How much dough have you got?
On a serious note Tony.
Was having a British product held in high regard back in the day and did this reflect the pricing of your products. I was born in 1974 but remember electrical goods being very pricey when i was young
Well of course, it depends on how much money you think makes anyone rich. At one time we were the biggest cabinet builder in Europe, although in terms of major Industrials, we were tiny. However, we were big enough to attract people form Scandinavia right down to Southern Spain. I always prided myself with dealing at what I called Street Level, always making myself available to anyone. There were rivals, who seemed content to try to leave the Sawdust to someone else and get into that cosy Office, but I never saw it that way, Today, I do what I started all those years ago, and that is making affordable Speaker Systems. In the past, people have compared the cost of ASS cabs to other people who might be making in small Workshops or their Garage, and of course there will always will be someone who is doing a similar thing cheaper. However, the cheaper cabs are usually lighter and don't have the same degree of finish, so that should tell you something. On the pricing front, we were and still are the cheapest if you compare with the likes of Turbosound, Funktion1 EAW or any of the other big boys.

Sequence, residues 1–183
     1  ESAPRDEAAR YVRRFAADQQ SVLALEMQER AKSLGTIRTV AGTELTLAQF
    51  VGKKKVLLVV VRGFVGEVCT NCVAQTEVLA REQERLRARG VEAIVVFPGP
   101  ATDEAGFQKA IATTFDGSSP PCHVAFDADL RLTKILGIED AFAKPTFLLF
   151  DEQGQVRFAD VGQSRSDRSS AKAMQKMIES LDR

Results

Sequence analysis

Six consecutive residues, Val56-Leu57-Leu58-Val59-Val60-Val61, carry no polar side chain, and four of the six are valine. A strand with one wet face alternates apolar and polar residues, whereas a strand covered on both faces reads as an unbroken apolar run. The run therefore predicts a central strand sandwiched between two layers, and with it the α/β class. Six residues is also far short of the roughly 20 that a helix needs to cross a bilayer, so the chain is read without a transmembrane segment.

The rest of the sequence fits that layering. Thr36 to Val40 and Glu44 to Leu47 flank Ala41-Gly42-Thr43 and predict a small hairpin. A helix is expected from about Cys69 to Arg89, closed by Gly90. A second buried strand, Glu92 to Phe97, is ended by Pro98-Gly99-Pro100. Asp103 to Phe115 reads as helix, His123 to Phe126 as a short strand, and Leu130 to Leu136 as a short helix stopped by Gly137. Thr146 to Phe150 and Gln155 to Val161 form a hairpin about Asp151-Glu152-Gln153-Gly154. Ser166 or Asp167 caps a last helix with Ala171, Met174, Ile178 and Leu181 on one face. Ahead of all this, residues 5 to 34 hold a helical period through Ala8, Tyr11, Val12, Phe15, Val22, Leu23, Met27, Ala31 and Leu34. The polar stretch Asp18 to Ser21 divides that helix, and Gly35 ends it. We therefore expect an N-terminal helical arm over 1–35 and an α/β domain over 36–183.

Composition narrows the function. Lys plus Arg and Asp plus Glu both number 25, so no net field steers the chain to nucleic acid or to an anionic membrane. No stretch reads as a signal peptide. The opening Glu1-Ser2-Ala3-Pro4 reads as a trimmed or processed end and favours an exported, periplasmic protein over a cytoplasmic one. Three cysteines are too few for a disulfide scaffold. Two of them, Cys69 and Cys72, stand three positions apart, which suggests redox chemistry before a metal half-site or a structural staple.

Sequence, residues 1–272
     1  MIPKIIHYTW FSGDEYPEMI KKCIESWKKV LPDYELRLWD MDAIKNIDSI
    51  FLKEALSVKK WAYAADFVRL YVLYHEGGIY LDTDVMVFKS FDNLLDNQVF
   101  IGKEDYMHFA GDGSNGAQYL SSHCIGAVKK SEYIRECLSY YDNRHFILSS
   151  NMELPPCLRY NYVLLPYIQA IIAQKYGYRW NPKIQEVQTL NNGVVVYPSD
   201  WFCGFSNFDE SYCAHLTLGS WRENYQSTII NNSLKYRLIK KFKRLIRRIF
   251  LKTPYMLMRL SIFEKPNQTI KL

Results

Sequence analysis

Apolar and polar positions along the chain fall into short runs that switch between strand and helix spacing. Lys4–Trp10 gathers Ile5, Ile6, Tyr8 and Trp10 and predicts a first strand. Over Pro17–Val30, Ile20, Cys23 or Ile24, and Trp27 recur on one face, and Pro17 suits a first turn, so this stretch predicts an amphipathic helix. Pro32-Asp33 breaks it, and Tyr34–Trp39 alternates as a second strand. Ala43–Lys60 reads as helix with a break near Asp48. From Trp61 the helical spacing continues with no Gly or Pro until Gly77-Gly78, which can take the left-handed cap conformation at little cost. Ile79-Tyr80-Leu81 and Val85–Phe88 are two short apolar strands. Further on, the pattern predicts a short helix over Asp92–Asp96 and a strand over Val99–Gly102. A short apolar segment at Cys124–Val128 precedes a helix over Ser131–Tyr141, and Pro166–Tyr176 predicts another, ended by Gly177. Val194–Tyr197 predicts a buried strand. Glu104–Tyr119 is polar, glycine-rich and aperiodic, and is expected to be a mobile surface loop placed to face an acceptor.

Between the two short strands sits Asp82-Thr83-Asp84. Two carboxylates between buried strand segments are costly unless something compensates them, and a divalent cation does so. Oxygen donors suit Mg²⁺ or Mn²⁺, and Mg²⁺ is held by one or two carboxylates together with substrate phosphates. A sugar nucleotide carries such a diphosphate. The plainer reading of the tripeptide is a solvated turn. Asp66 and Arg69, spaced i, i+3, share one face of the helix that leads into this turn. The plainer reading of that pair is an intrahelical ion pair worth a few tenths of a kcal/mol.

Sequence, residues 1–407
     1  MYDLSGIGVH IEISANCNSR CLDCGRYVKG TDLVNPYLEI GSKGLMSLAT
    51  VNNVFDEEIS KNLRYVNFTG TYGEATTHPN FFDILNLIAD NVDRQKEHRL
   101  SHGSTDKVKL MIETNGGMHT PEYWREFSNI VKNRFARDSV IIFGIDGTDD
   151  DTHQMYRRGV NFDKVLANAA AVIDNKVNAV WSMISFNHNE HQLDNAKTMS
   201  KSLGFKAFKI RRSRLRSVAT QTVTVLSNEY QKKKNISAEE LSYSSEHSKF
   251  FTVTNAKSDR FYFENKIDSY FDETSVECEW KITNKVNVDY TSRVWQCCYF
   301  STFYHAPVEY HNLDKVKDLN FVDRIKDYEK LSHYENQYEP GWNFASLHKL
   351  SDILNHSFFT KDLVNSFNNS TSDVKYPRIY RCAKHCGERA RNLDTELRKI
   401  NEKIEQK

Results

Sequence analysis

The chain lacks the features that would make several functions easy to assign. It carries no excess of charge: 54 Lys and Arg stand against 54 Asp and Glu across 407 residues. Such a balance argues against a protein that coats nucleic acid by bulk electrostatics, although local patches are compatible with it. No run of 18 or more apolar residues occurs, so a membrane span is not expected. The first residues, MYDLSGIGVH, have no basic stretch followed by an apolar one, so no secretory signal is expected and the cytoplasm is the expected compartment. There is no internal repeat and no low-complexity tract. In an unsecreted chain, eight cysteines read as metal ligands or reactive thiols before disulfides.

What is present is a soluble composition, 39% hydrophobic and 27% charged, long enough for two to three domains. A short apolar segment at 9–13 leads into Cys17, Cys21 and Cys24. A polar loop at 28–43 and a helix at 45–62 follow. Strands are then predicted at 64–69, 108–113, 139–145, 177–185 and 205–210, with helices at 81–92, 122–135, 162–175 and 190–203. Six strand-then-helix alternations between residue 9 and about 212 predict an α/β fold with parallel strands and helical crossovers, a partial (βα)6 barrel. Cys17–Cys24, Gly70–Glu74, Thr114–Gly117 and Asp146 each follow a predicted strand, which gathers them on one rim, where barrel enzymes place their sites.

The one advantage I always had over other larger companies is that I remained on my own, without partners. There was me at the top, my Secretary, and everyone else employed was on the shop floor in production. We were never top heavy. a very important thing in a small business. Today, three years after I should have retired, I still have a workshop, separate paint shop and Storage unit. I am doing it in the style that I did it all those years ago. I do my own Fibreglass, Crossovers, wind my own coils, etc, keeping as much in house as I can.
Getting back to part of your original question, regarding pricing. Our costs were determined purely by our overheads and an acceptable margin, and we made money on the back of sheer Volume. Mostly exports in those days.
When I started, it was exciting with new ground to cover and discover, and today it seems strange to be dealing with people who weren't even born when I was making boxes. One last important thing. I have mostly good memories looking back and I have provided my Family with a better standard of living than I would have done, had I remained a Toolmaker.